The Australian Energy Council (AEC) has endorsed a growing call for an economy-wide net zero emissions by 2050 target for Australia. The call follows the publication of a letter sent by Opposition Leader Anthony Albanese to Prime Minister Scott Morrison, a letter praising aspects of the Government’s Technology Roadmap and calling on the PM to end the climate wars by coming to a bipartisan agreement on energy policy.
Australia’s climate wars are settling into a second decade, and many around the country are realising that the federal policy vacuum is itself a catalyst for chaos. In that time, Australia’s politicians have been dithering, wittering, and back-stabbing over the apparently confounding prospect of the journey instead of simply taking the first step.
Labor Leader Albanese’s supplicant extension of the olive branch barely asks anything of the Coalition, not even the need to agree on emissions targets. However, even this piddling attempt was derided by an obstinate Government. According to the ABC, Energy Minister Angus Taylor criticised Albanese, “They didn’t explain how their energy policies will create a single job,” he said.
And yet, the Australian Energy Council, representing 24 major electricity and downstream natural gas businesses generating the vast majority of Australian energy (including the owners of all coal-fired power plants in the NEM), decries both parties for their frail immobility.
“The first step to reducing carbon emissions is agreement on a long-term target which can act as the starting point for constructive consensus,” said AEC Chief Executive, Sarah McNamara. “Settling on an economy-wide target will let us then decide the best ways to get there and what policy and mechanisms could be applied.”
The push for an economy-wide target is a push for the bare minimum, a start, the minimum standard the federal government has sought to avoid with all the determined evasive tactics of a toddler chucking a tantrum to avoid a shower. Rather than set a target to work towards, the Morrison Government has produced only a damp squib otherwise known as its long-awaited Technology Roadmap.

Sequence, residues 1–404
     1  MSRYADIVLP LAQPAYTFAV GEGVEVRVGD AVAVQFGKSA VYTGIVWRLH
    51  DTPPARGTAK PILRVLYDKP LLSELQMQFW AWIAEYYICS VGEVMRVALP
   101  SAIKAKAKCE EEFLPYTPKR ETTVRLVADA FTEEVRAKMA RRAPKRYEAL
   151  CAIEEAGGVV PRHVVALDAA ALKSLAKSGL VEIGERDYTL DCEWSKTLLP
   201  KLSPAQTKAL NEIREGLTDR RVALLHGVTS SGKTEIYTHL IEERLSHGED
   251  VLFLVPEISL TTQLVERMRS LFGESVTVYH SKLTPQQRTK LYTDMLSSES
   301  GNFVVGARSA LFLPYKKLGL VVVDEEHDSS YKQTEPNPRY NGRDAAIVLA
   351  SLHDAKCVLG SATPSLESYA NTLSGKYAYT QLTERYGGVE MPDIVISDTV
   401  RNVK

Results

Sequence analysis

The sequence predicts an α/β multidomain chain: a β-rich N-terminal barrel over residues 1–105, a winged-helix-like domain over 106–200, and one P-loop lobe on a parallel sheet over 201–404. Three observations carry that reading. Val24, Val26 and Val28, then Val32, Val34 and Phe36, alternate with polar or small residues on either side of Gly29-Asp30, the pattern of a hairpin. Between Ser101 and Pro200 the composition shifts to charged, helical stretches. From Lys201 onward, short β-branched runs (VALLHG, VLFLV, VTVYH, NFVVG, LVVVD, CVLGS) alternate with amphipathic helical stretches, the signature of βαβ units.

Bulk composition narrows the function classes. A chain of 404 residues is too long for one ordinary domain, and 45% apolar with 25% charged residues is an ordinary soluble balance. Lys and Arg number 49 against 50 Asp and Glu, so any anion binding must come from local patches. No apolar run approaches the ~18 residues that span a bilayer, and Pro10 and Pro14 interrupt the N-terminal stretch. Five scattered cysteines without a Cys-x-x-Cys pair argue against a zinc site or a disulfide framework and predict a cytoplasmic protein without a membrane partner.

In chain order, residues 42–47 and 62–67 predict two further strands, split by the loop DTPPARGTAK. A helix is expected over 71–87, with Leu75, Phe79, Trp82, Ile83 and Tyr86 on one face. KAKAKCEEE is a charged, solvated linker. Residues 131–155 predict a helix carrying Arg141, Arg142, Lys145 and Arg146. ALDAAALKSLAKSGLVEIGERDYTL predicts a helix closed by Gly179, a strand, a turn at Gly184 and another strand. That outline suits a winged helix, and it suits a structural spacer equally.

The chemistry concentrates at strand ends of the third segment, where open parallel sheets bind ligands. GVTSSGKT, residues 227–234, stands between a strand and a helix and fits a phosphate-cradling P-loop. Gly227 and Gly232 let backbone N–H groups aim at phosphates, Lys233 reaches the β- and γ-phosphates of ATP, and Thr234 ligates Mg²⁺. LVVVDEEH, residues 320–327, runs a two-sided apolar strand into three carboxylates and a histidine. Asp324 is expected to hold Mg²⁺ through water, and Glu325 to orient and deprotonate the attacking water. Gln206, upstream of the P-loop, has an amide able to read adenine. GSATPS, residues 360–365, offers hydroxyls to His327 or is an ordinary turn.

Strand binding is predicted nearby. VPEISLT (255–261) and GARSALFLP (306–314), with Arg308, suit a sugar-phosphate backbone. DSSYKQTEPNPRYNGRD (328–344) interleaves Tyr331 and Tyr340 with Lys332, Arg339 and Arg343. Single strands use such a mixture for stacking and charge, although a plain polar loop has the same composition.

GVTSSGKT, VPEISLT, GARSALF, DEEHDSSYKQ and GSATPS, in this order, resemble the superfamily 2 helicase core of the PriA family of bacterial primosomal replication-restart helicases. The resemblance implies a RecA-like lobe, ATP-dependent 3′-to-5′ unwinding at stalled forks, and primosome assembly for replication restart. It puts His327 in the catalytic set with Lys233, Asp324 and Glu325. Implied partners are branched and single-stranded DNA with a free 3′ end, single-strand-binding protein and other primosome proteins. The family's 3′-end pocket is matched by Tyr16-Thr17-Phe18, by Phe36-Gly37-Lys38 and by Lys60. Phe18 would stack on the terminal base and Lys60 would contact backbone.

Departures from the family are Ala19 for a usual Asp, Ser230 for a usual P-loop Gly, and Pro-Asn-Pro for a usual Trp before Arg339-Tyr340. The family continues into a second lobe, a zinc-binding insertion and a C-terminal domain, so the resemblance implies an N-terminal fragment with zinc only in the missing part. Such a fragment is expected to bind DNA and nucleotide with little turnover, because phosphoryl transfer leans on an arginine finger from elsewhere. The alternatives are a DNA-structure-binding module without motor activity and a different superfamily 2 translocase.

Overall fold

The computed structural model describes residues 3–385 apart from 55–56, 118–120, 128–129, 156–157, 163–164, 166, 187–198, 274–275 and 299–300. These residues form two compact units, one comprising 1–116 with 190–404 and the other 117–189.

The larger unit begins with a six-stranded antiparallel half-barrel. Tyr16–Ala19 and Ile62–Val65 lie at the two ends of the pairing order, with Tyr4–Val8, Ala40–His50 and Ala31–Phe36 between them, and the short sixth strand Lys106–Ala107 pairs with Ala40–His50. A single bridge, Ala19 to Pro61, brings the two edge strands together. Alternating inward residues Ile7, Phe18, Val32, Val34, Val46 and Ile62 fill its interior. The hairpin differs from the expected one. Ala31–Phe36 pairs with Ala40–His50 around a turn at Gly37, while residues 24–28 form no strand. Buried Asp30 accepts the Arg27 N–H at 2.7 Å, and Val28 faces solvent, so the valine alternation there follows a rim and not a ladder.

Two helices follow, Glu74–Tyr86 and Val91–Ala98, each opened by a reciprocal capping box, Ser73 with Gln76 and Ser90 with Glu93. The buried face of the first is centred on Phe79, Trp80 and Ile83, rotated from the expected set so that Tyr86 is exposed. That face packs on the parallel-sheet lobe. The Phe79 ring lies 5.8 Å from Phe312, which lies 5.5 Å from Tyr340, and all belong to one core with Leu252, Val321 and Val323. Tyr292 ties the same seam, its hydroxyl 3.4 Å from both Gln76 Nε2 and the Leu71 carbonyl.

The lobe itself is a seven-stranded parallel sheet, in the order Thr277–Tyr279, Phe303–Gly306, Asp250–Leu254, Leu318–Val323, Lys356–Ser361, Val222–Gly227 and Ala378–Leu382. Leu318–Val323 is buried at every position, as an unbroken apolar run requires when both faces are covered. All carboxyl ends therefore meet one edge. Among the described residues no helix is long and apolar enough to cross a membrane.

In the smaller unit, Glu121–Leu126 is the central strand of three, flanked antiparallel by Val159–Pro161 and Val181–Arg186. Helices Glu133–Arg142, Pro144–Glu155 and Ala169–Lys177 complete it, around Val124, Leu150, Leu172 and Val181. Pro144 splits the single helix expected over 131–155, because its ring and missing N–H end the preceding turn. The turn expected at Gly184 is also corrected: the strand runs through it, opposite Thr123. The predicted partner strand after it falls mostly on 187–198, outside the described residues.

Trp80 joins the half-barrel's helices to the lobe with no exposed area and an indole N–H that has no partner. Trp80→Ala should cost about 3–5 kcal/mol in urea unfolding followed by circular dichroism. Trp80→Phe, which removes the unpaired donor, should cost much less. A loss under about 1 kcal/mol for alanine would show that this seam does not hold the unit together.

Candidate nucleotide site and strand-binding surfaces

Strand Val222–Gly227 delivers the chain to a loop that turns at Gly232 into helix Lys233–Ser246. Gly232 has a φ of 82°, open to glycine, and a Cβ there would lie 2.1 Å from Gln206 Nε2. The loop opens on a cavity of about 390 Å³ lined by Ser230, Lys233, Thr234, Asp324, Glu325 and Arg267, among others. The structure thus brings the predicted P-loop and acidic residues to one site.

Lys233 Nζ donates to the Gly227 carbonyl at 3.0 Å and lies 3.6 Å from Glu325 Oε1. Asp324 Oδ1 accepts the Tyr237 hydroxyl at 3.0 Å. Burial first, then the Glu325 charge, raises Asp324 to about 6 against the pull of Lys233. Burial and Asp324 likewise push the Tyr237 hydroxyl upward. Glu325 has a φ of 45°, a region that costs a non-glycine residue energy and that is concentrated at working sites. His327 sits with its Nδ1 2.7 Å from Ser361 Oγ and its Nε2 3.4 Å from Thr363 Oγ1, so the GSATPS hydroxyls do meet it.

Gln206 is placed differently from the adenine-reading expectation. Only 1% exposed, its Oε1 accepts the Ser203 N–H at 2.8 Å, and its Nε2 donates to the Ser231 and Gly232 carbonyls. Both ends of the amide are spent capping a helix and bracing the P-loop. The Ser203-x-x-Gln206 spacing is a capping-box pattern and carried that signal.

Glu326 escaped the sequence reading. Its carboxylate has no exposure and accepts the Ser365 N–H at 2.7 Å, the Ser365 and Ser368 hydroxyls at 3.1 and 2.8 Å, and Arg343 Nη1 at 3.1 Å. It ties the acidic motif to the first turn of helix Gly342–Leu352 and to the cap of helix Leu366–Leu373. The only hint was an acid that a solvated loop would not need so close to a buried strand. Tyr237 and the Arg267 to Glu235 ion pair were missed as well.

Roadmap to Nowhere
The Roadmap, officially entitled “Technology Investment Roadmap Discussion Paper: A framework to accelerate low emissions technologies” (Roadmap), opens with a statement: “Australia consistently meets and beats our climate change targets.” And yet, Taylor told the ABC that the Government would not “commit to targets without a very clear plan.” So which is it? Because calling Taylor’s Roadmap a clear plan is like calling calling Kyle Sandilands a public-intellectual.
Ironically, if the Morrison Government had committed to a target, that commitment in itself would represent more of a plan than the one Taylor presented in May. The Roadmap amounts to little more than a broad overview of energy technologies, however, in that view “low emissions” technology, especially gas, sticks out, and the most bankable of renewable technologies, such as solar PV, is treated like the child of wealthy absent parents, its accomplishments are lauded but the Government dare not give it the attention it deserves.
“At its core,” says Taylor in his Ministerial Forward, “this is about technology not taxes…It is an approach based on rigour, discipline and optimism, not ideology.” But Taylor’s determination to develop a plan before committing to a target is counter-intuitive, and nothing protects the counter-intuitive more than ideology. “Technology not taxes,” repeats Taylor, and yet, if a target were committed to, as with a deadline, the market and technology could better decide for itself how to achieve it. Without a target the market balks, this has been empirically observable with the dramatic drop in spending on large-scale renewables as the market shuddered at the federal policy vacuum beyond 2020.
Taylor says he has a “forward-looking philosophy”, but so does a snail, that doesn’t mean it’s going anywhere fast. “Australians want action on climate change,” said McNamara, “as well as affordable, reliable energy and that will continue to require the adoption of new technologies and investment…But our efforts need to be broader and a net zero emissions target across the economy we believe is the best way forward to deliver the Paris temperature goals at the lowest economic and social cost.”
It should be stated that the AEC is not asking for the impossible. “The net zero economy-wide target does not imply that electricity emissions must necessarily fall to zero by 2050,” noted McNamara. “Depending on technological developments, it may prove cost-effective to have a small level of emissions offset by carbon sinks elsewhere.”
Whatever the case may be, the AEC said it supported the Paris Agreement “and recognised the need for developed countries to transition to net zero emissions by 2050 to help achieve the Agreement’s temperature goals.”